On June 11th, the Program on Extremism approached the Sahel from the perspective of great power competition, hosting an event discussing how the recent breakdown of key bilateral and multilateral security mechanisms in the region alters the strategic landscape. In the wake of coups such as Mali in 2020, Burkina Faso in 2022, and Niger in 2023, the Sahel underwent a pivot away from choosing the West as partners for their security needs. In its place, Russia emerged with replacements for many capabilities traditionally offered by countries such as the United States, France and other partners from the European Union. Ulf Laessing described the success of Russia in the Sahel as being attributable to many reasons; namely, a historical resentment towards colonial powers such as France, the hesitancy of Western countries to interact with countries that have a poor record of human rights, Russian shaping operations in disinformation, and the premature suspension of agreements following coups by organizations such as the European Union that formed the void Russia could fill.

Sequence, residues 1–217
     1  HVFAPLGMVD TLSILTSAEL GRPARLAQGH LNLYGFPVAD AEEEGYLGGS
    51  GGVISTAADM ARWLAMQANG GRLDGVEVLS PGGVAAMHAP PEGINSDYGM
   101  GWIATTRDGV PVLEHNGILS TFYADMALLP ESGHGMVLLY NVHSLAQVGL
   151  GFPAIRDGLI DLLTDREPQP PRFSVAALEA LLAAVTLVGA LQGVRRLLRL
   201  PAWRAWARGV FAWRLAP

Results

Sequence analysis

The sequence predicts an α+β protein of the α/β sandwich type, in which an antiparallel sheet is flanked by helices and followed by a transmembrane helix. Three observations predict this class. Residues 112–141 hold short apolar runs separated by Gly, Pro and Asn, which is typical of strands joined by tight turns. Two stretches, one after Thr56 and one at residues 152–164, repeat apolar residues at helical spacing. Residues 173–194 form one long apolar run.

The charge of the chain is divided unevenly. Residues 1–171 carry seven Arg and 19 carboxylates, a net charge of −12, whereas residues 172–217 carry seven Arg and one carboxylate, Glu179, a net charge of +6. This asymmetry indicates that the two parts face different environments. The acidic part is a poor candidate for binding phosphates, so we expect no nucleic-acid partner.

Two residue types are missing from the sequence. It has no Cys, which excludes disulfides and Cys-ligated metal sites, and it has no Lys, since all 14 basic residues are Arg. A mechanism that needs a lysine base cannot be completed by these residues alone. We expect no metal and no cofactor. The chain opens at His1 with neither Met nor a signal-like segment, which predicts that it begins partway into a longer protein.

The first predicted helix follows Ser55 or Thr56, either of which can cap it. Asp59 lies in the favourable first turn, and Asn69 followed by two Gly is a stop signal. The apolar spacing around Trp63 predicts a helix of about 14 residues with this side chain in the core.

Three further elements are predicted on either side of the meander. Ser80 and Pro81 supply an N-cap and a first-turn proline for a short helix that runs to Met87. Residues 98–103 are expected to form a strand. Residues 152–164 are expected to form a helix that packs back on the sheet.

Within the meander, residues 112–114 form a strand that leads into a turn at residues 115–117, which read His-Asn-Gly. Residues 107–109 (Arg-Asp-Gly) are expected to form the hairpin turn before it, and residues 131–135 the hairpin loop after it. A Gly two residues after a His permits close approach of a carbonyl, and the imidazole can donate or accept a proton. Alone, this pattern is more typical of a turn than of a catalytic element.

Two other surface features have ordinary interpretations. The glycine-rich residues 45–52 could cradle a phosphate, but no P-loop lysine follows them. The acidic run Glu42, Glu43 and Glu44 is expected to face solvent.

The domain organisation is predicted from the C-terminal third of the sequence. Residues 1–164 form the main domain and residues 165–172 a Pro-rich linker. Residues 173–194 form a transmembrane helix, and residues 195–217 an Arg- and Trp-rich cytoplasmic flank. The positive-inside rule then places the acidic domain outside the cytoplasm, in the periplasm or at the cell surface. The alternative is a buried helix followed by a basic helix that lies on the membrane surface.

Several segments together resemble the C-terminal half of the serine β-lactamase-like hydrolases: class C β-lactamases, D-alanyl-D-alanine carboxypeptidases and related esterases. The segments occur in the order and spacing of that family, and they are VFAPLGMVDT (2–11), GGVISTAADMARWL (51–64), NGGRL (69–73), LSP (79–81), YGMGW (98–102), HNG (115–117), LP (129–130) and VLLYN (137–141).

The decision of Sahelian states to break security ties with the West consequently produced concerning results. As outlined by Beatriz de Leon Cobo, the recent history of diplomatic shifts and revisions, fueled by coups d’etat, of Sahelian governments regarding who they consider partners have impacted the security capacity of the region. As a result, states such as Mali, Burkina Faso, and Niger are now unable to adequately respond to insurgencies, combat extremism, and fill the security gap left by Western partners in the wake of withdrawals of thousands of U.S. and French forces in the region. Furthermore, she highlighted concerning developments in other spaces, such as human rights issues and political persecution, which can compound state fragility in an already conflict-prone region.

Despite these challenges, the panel remained optimistic about a path forward. Near the end of the event, Philippe van Amersfoort suggested ways Western countries and multinational organizations should engage Sahelian states post-2023. Specifically, he advocated for the designing of security missions that are reversible, scalable, and more reactive to the new political reality of an unpredictable Sahel. He also examined the power of non-military solutions to security, the use of established partnerships with other organizations Sahelian states are a part of, such as the African Union, and the importance of light-footprint cooperation.

Open to everyone.